How to avoid drowning in student-loan debt

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So you’re graduating, the clock on those loans is ticking and you get a mean case of the cold sweats every time someone mentions the “economic climate” or the “poor job market.”

The average student loan debt is $27,000, but even with the dismal job market, the Federal Census Bureau still praises the investment that is your education. Those who graduate with a bachelor’s degree still make double that of those with only a high school diploma.

Let’s say you have $30,000 in loans with an interest rate of 4.25 percent, the median rate as of April 2013. If it takes 20 years to pay it off, you’ll pay close to $45,000. That’s no number to shrug at, but it is estimated by the Census Bureau that you have a good shot at making approximately $900,000 in excess to what you would have made without that degree. That’s a 1,900 percent return.

Maybe you don’t want to hear what could be; you want the truth, here and now. First you should know what kind of loan you have, the interest rate and the amount you owe. As a UVU student, chances are you have a Federal Stafford Loan. Find out if it’s subsidized, meaning the government covered the interest for the time you were in school, or unsubsidized, where your loan racks up interest. Also note the interest rates goes up or down every July 1. Stafford Loans max out at 8.25 percent, though the trend for the past 20 years has shown a slight decrease every five years, dropping a full 1.1 percent since 2011.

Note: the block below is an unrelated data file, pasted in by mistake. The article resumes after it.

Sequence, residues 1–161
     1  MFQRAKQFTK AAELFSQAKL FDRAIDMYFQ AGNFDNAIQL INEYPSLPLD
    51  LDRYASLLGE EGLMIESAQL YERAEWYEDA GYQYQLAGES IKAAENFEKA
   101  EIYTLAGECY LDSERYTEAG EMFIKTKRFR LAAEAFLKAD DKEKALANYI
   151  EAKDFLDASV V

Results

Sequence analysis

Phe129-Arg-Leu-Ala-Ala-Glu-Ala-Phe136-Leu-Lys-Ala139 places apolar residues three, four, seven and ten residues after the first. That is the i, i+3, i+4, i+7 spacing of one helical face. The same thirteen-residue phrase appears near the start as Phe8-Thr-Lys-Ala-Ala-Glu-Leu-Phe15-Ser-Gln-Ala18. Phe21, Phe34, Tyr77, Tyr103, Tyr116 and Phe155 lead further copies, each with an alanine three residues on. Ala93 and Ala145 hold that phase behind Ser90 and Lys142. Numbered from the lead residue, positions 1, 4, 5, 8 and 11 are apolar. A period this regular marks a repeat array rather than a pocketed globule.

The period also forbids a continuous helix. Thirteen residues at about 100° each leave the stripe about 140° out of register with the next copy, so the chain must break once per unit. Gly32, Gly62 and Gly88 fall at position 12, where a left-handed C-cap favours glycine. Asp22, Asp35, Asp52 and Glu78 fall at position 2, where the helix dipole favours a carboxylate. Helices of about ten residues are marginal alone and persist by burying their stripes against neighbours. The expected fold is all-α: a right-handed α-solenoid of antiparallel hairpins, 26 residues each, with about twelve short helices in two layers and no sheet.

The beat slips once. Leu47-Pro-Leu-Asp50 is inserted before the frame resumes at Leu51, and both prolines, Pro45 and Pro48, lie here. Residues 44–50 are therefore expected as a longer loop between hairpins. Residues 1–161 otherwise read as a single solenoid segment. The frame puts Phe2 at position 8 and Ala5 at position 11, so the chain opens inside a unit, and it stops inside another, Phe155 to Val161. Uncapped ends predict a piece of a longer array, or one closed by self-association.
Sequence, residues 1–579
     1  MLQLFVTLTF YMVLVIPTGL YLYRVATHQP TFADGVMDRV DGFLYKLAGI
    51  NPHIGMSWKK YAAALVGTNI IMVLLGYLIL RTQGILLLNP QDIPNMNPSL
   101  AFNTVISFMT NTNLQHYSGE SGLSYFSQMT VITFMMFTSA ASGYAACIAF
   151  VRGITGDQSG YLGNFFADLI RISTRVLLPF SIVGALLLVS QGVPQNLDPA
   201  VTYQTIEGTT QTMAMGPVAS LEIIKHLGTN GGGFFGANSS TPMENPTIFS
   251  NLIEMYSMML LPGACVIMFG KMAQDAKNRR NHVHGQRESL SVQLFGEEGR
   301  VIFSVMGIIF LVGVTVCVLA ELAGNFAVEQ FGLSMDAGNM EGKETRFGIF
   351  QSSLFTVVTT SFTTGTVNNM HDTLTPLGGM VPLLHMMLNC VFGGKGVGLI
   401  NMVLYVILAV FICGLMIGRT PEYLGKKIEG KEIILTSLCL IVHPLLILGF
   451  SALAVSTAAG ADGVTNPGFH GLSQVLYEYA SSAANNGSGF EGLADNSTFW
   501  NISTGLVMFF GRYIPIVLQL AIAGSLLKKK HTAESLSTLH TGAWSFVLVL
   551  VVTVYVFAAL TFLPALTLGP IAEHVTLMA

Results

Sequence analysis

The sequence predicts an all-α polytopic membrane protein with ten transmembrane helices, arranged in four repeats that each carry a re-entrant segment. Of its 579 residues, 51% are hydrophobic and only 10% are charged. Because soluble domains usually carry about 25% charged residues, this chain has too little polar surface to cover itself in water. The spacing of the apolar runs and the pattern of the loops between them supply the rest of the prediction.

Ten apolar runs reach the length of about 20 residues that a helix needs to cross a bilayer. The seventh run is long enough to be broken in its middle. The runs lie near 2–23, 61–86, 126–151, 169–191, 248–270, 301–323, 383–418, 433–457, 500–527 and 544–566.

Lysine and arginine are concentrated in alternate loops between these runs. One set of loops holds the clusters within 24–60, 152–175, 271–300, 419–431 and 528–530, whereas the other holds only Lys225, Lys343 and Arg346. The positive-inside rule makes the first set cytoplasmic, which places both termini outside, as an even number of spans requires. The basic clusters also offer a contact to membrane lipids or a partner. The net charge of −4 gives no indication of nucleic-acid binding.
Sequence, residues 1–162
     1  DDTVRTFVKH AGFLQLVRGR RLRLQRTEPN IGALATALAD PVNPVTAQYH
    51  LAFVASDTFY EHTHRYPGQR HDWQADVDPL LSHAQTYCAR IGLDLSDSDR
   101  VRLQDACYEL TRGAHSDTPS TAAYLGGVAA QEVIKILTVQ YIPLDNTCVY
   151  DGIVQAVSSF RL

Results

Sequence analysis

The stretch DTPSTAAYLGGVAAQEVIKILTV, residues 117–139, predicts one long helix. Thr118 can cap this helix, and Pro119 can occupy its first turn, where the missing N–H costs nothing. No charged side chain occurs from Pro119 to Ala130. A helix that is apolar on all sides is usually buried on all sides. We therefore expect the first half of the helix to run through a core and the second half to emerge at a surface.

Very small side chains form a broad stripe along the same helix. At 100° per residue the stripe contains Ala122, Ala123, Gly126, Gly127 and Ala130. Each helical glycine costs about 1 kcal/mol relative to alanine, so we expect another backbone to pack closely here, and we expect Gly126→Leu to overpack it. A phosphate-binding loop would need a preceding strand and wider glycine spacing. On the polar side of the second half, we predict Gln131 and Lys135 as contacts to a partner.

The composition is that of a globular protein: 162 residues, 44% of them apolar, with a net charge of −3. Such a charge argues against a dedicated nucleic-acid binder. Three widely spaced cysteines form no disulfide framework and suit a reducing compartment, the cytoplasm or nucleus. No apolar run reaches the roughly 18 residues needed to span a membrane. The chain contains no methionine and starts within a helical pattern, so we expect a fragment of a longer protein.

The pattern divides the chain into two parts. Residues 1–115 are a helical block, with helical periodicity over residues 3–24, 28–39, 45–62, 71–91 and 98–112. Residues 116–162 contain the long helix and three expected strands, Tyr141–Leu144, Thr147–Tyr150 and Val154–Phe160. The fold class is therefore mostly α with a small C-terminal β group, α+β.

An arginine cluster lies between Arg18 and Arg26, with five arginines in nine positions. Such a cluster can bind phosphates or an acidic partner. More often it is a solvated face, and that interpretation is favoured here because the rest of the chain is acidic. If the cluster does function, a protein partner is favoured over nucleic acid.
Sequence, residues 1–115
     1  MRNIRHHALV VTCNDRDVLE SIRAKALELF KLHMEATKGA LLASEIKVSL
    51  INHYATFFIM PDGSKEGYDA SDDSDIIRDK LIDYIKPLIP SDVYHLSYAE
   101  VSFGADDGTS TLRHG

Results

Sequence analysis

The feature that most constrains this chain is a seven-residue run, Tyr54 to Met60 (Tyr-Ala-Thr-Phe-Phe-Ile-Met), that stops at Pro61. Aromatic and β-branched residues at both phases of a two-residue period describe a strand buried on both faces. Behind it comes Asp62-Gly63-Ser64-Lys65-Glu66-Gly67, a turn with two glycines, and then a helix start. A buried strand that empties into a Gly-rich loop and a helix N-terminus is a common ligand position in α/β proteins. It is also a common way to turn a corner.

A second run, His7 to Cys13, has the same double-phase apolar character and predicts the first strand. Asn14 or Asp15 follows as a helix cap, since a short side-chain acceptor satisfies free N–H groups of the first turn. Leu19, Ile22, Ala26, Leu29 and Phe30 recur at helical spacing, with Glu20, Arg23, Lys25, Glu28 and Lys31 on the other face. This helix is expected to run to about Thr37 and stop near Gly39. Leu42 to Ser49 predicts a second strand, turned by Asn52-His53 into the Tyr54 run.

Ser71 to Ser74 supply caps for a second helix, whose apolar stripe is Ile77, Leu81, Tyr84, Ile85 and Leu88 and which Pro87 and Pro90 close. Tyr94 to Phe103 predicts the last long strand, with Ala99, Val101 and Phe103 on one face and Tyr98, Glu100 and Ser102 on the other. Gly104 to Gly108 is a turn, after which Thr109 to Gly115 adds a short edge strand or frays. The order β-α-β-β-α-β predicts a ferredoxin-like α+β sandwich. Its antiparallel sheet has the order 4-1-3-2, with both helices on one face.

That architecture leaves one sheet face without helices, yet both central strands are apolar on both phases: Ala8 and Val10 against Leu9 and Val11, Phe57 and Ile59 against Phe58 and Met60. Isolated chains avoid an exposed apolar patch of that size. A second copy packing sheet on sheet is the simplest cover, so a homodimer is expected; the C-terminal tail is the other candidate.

There are ways to delay paying back as well as receiving forgiveness for your loans. If you teach and have a Stafford loan you can look into the Teacher Forgiveness Program. In the TFP, if you teach at a low-income public school you may have $5,000 forgiven from your loans. Other options for loan forgiveness include joining the Peace Corps or AmeriCorps, some military service or work in law enforcement can grant you partial to full loan forgiveness.

Another option is loan deferment. If you meet some qualifications (disability, unemployment, school attendance or work with underprivileged children), you’re entitled to deferment.

Financial guru Suze Orman who (literally) wrote the book on loans gave her top five tips for graduates: 1- with your extra money always favor your 401(k) or Roth IRA over paying your student loans, 2- don’t consolidate your student loans with your spouse’s, you both will end up paying more in the end with shifting interest rates, 3- bankruptcy is never an option for student loans, it’s better to carry them to the grave, 4- be careful when consolidating loans, you can’t refinance them, so play the balancing game, and 5- always look for opportunities to defer; student loan lenders are the nicest in the business and are the most likely to help you out.

By Nicole Shepard

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